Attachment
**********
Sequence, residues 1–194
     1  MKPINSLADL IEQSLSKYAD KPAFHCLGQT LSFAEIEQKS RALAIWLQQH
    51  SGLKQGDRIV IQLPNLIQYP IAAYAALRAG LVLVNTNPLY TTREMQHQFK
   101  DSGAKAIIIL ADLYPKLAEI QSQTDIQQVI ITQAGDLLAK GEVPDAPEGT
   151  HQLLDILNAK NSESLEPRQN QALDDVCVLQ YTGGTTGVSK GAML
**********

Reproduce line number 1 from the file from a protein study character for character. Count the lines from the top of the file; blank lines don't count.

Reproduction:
Sequence, residues 1–194